Original Research

Leadership in the world of the Bible: (De)institutionalisation as an ongoing process

Y. Dreyer
Verbum et Ecclesia | Vol 23, No 3 | a1228 | DOI: https://doi.org/10.4102/ve.v23i3.1228 | © 2002 Y. Dreyer | This work is licensed under CC Attribution 4.0
Submitted: 07 August 2002 | Published: 07 August 2002

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This article discusses the development of leadership in the biblical world in light of structuration theory. The use of the structuration theory is embedded in the theoretical work of Max Weber. Max Weber distinguishes three types of authority: legal, traditional and charismatic authority. In order to differentiate between the more nurturing and the more institutionalised aspects of authority (with the innate possibility of the abuse of power), Latin, rather than Western languages, provides the most useful terminology. The article traces the development from auctoritas (nurturing authority) to potestas (coercive power). It focuses on how authority manifested in the Near- and Middle-East, the Hellenistic Emperor Cult and early Christianity. The aim is to explain the ways in which power and authority function in society by reflecting on the development from charismatic to institutionalised leadership. The potential danger that the message of Jesus can be adapted to the power structures of the world, is highlighted. Deinstitutionalisation is a postmodern demystifying process, by means of which church and society can be restructured today.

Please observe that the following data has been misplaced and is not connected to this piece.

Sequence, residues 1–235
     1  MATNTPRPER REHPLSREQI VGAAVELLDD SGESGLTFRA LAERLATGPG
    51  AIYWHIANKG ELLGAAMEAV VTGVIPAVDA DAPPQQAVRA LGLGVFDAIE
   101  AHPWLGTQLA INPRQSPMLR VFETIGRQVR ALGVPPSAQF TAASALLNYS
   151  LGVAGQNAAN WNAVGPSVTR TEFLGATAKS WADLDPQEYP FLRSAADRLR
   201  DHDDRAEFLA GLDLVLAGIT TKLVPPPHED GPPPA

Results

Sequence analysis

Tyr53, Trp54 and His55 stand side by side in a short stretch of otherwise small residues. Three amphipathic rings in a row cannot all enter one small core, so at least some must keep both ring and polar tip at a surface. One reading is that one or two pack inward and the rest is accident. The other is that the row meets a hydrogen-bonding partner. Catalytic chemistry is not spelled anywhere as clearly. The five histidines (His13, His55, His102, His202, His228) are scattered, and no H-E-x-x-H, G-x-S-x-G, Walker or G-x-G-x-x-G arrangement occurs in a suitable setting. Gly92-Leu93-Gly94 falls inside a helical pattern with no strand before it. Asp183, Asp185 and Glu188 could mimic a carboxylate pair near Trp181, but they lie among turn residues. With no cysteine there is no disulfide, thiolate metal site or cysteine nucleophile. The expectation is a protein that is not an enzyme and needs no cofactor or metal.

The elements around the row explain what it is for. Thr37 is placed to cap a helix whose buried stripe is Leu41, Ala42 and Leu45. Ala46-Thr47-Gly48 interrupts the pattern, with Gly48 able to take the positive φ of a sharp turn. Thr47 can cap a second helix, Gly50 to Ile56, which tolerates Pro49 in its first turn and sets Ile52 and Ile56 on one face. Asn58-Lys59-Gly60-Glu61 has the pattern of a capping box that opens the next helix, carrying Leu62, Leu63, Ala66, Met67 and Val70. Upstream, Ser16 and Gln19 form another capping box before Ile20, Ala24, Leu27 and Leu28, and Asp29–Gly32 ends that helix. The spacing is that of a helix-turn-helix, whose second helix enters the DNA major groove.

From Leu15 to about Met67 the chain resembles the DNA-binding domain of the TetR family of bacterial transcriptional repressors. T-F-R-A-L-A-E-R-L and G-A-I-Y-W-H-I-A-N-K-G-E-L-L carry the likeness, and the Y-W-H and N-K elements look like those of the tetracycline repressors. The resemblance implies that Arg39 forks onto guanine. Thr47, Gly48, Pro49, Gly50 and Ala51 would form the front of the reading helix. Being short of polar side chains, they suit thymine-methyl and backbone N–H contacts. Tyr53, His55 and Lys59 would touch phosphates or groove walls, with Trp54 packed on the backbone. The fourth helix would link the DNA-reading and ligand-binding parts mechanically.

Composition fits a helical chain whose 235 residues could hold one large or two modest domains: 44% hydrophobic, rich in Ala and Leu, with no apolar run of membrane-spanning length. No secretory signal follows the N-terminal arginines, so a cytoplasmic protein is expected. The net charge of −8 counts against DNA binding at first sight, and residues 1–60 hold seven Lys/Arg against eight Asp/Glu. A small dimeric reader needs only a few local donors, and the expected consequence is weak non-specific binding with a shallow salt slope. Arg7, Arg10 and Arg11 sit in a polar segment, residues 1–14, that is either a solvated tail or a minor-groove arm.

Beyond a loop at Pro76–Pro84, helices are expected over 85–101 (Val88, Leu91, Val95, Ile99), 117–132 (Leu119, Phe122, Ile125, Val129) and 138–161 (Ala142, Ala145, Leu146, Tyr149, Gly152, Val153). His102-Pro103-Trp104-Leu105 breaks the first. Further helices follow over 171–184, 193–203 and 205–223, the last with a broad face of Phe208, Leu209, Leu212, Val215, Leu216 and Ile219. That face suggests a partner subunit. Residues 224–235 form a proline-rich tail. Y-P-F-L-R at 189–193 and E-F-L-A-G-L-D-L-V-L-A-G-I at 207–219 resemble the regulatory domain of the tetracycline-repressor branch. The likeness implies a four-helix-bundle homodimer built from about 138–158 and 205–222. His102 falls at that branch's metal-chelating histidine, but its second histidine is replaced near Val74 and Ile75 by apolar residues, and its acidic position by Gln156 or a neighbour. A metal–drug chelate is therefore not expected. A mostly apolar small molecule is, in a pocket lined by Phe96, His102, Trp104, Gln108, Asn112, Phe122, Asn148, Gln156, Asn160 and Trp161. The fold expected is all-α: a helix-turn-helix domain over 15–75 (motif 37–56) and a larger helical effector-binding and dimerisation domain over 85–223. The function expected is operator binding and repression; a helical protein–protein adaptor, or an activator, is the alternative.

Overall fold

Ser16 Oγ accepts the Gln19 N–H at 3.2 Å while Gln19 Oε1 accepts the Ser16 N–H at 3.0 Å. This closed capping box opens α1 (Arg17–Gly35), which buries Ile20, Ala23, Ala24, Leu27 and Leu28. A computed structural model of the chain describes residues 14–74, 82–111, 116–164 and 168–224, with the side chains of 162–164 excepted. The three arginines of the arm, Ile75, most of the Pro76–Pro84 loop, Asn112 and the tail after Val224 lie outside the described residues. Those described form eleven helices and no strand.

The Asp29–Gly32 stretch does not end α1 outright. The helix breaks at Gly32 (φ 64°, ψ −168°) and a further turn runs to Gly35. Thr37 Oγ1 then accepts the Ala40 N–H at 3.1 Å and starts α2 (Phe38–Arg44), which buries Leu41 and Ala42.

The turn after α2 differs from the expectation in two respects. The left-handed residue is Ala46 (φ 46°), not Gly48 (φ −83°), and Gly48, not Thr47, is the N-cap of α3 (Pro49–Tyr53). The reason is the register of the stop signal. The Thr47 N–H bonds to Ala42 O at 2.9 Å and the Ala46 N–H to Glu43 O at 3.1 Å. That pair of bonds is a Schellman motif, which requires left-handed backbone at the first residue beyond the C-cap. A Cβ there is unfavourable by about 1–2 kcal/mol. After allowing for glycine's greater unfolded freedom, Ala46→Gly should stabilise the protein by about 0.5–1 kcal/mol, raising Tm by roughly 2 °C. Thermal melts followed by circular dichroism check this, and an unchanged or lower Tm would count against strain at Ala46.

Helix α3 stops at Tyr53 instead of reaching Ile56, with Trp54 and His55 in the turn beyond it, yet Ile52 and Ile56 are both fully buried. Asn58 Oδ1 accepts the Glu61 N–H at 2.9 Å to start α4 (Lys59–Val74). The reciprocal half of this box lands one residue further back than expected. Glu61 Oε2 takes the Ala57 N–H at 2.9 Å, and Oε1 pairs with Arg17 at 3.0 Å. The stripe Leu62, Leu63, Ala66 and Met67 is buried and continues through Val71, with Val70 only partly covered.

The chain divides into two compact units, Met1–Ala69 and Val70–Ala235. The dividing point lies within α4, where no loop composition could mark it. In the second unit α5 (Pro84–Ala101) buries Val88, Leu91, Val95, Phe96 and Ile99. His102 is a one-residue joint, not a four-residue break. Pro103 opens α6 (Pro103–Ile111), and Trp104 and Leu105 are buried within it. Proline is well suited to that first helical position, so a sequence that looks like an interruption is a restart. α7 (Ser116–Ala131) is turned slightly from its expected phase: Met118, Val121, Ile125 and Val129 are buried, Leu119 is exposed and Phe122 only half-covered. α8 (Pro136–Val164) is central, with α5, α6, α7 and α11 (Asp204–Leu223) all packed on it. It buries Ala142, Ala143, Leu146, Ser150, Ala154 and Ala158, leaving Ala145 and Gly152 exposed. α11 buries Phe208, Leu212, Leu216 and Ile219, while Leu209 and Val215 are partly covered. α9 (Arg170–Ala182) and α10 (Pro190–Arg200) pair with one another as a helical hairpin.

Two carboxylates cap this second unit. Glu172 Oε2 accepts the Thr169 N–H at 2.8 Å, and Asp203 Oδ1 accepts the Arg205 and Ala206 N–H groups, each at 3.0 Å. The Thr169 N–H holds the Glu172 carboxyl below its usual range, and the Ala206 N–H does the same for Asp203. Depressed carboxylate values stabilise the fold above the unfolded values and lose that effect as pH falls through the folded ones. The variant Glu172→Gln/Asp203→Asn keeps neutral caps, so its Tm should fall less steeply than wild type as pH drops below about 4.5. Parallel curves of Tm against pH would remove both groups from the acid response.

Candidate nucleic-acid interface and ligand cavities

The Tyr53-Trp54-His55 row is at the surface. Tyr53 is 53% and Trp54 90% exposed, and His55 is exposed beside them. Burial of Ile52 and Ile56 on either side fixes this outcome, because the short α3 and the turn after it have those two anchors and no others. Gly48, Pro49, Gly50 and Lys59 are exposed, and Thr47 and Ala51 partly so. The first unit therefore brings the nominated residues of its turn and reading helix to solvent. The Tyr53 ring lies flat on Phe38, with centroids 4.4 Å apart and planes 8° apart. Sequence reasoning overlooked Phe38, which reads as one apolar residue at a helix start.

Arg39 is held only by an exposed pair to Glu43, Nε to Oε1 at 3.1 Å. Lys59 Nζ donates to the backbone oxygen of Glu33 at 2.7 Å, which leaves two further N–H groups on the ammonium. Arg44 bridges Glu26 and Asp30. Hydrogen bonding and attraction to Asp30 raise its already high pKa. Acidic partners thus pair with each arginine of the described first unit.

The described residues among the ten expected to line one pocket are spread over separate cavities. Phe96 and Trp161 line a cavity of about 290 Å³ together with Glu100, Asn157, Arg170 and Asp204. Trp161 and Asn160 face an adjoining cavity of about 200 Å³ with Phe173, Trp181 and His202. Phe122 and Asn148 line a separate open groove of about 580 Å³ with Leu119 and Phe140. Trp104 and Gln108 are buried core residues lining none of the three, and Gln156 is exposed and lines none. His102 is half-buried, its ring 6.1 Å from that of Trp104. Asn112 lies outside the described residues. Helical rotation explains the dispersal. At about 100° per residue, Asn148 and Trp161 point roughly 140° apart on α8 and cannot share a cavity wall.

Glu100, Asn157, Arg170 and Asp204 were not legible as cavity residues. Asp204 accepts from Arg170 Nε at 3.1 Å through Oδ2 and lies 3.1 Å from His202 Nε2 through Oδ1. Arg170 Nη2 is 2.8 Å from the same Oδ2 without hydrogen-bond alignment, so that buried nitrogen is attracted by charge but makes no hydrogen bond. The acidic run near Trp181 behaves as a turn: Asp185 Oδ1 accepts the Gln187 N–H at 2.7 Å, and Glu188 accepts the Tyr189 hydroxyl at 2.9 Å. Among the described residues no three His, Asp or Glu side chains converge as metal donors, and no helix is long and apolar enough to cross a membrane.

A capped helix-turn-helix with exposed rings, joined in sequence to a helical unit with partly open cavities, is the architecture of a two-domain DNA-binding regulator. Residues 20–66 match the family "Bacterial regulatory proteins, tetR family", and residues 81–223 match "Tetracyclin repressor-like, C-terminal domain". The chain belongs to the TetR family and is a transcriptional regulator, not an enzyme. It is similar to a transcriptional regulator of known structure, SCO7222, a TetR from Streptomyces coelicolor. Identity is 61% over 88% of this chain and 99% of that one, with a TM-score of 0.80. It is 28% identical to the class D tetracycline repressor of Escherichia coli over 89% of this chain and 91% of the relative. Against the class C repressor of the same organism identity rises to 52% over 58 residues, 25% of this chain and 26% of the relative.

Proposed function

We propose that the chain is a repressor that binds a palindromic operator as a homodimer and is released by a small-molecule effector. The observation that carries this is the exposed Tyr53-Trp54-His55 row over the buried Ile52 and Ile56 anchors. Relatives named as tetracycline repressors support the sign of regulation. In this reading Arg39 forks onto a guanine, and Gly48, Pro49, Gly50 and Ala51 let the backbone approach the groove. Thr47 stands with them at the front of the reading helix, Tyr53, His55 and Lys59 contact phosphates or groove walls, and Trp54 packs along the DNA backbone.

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1. The end of leadership?: The shift of power in local congregations
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